In this chapter we explain how to compute a minimal presentation of a numerical semigroup. There are three functions involved in this process.

`‣ MinimalPresentationOfNumericalSemigroup` ( S ) | ( function ) |

`S` is a numerical semigroup. The output is a list of lists with two elements. Each list of two elements represents a relation between the minimal generators of the numerical semigroup. If { {x_1,y_1},...,{x_k,y_k}} is the output and {m_1,...,m_n} is the minimal system of generators of the numerical semigroup, then {x_i,y_i}={{a_i_1,...,a_i_n},{b_i_1,...,b_i_n}} and a_i_1m_1+⋯+a_i_nm_n= b_i_1m_1+ ⋯ +b_i_nm_n.

Any other relation among the minimal generators of the semigroup can be deduced from the ones given in the output.

The algorithm implemented is described in [Ros96a] (see also [RG99a]).

gap> s:=NumericalSemigroup(3,5,7); <Numerical semigroup with 3 generators> gap> MinimalPresentationOfNumericalSemigroup(s); [ [ [ 0, 2, 0 ], [ 1, 0, 1 ] ], [ [ 3, 1, 0 ], [ 0, 0, 2 ] ], [ [ 4, 0, 0 ], [ 0, 1, 1 ] ] ]

The first element in the list means that 1× 3+1× 7=2× 5, and the others have similar meanings.

`‣ GraphAssociatedToElementInNumericalSemigroup` ( n, S ) | ( function ) |

`S` is a numerical semigroup and `n` is an element in `S`.

The output is a pair. If {m_1,...,m_n} is the set of minimal generators of `S`, then the first component is the set of vertices of the graph associated to `n` in `S`, that is, the set { m_i | n-m_i∈ S}, and the second component is the set of edges of this graph, that is, { {m_i,m_j} | n-(m_i+m_j)∈ S}.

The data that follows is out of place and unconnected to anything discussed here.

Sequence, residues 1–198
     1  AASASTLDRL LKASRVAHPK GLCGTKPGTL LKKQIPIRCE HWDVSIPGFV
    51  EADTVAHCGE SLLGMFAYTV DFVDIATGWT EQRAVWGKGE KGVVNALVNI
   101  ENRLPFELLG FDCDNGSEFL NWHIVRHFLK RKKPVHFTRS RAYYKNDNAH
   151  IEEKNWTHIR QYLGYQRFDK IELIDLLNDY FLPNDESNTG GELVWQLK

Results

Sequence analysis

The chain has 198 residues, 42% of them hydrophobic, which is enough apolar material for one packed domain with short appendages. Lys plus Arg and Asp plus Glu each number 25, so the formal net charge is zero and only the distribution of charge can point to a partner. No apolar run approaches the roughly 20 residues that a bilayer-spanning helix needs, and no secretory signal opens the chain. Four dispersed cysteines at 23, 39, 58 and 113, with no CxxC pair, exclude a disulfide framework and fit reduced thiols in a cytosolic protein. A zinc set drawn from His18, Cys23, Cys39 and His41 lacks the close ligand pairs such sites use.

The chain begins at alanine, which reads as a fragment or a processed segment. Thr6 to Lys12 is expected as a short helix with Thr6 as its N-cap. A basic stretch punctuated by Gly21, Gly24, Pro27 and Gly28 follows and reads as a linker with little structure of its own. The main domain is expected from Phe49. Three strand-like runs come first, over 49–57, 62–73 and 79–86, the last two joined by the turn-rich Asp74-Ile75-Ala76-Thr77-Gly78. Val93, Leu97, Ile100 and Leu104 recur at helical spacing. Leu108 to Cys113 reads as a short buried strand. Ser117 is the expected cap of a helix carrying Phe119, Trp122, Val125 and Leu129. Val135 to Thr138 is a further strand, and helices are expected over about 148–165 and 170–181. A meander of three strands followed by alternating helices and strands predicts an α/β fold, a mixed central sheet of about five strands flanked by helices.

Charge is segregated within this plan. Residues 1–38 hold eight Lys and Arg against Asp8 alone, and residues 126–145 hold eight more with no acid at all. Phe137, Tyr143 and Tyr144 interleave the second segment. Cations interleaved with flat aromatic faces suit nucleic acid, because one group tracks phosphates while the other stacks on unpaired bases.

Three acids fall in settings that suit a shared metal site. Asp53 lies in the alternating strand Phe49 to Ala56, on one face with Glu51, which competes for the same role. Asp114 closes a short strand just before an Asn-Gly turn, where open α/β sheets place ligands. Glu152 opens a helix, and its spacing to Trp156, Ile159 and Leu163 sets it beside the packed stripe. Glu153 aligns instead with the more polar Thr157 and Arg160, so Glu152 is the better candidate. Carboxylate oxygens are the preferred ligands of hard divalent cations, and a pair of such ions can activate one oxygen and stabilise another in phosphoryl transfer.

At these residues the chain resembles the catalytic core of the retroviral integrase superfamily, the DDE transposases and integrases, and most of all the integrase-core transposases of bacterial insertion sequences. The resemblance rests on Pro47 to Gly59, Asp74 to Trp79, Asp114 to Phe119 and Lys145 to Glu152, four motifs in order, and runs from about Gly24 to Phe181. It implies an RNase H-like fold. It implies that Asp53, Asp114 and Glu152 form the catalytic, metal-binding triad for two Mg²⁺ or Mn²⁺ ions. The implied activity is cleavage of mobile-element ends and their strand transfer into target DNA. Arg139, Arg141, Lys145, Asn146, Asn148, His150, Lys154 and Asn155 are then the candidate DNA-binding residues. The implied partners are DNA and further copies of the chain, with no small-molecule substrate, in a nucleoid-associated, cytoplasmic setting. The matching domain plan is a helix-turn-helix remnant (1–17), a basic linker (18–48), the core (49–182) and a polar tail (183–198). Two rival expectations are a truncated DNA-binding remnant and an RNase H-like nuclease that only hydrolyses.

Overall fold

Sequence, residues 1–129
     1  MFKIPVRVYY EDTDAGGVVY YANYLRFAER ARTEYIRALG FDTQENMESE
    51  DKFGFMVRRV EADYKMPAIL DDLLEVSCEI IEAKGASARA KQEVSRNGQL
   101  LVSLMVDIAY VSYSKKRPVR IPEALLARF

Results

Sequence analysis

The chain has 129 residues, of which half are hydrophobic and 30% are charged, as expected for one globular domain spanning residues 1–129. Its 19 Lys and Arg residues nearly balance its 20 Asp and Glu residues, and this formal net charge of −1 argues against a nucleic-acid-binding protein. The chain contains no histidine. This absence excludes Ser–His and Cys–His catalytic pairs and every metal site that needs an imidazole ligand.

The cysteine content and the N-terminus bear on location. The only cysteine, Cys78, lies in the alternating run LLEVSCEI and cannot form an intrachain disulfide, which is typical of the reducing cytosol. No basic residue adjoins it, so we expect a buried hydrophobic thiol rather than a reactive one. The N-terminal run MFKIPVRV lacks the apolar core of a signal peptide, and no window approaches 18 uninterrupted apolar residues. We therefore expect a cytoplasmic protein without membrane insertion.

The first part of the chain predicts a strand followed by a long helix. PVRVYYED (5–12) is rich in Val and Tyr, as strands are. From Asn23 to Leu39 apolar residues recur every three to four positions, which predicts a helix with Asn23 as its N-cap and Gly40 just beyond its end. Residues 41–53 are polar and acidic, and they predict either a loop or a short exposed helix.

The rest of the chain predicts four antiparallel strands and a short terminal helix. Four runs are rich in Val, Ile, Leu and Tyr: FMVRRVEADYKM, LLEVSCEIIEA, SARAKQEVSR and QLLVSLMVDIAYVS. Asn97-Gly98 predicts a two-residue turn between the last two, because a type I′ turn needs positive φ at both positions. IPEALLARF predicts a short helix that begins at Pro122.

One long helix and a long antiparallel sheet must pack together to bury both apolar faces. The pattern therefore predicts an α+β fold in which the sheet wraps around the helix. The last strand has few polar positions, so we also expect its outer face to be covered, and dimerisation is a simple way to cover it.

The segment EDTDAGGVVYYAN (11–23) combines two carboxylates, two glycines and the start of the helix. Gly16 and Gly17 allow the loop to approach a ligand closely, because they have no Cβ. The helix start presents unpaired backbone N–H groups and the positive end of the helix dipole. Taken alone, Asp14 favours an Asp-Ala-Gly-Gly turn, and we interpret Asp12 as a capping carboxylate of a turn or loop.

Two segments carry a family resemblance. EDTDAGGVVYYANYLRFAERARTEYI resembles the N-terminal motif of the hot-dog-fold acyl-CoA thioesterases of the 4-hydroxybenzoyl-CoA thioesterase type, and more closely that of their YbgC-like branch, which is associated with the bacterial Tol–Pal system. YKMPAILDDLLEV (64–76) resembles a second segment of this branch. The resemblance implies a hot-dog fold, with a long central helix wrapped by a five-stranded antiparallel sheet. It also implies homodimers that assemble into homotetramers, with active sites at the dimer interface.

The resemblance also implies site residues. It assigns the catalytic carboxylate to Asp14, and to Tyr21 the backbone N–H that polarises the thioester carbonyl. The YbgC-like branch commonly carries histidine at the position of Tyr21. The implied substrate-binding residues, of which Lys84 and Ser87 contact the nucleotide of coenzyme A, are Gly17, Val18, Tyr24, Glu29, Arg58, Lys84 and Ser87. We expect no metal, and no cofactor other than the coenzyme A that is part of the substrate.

This function is used to compute a minimal presentation of the numerical semigroup `S`, as explained in [Ros96a].

gap> s:=NumericalSemigroup(3,5,7);; gap> GraphAssociatedToElementInNumericalSemigroup(10,s); [ [ 3, 5, 7 ], [ [ 3, 7 ] ] ]

`‣ BettiElementsOfNumericalSemigroup` ( S ) | ( function ) |

`S` is a numerical semigroup.

The output is the set of elements in `S` whose associated graph is nonconnected [GO10].

gap> s:=NumericalSemigroup(3,5,7);; gap> BettiElementsOfNumericalSemigroup(s); [ 10, 12, 14 ]

`‣ PrimitiveElementsOfNumericalSemigroup` ( S ) | ( function ) |

`S` is a numerical semigroup.

The output is the set of elements s in `S` such that there exists a minimal solution to msg⋅ x-msg⋅ y = 0, such that x,y are factorizations of s, and msg is the minimal generating system of `S`. Betti elements are primitive, but not the way around in general.

gap> s:=NumericalSemigroup(3,5,7);; gap> PrimitiveElementsOfNumericalSemigroup(s); [ 3, 5, 7, 10, 12, 14, 15, 21, 28, 35 ]

`‣ ShadedSetOfElementInNumericalSemigroup` ( n, S ) | ( function ) |

`S` is a numerical semigroup and `n` is an element in `S`.

The output is a simplicial complex C. If {m_1,...,m_n} is the set of minimal generators of `S`, then L ∈ C if n-∑_i∈ L m_i∈ S ([SW86]).

This function is a generalization of the graph associated to `n`.

gap> s:=NumericalSemigroup(3,5,7);; gap> ShadedSetOfElementInNumericalSemigroup(10,s); [ [ ], [ 3 ], [ 3, 7 ], [ 5 ], [ 7 ] ]

A numerical semigroup S is uniquely presented if for any two minimal presentations σ and τ and any (a,b)∈ σ, either (a,b)∈ τ or (b,a)∈ τ, that is, there is essentially a unique minimal presentation (up to arrangement of the components of the pairs in it).

`‣ IsUniquelyPresentedNumericalSemigroup` ( S ) | ( function ) |

`S` is a numerical semigroup.

The output is true if `S` has uniquely presented. The implementation is based on (see [GO10]).

gap> s:=NumericalSemigroup(3,5,7);; gap> IsUniquelyPresentedNumericalSemigroup(s); true

`‣ IsGenericNumericalSemigroup` ( S ) | ( function ) |

`S` is a numerical semigroup.

The output is true if `S` has a generic presentation, that is, in every minimal relation all generators occur. These semigroups are uniquely presented (see [BGG11]).

gap> s:=NumericalSemigroup(3,5,7);; gap> IsGenericNumericalSemigroup(s); true

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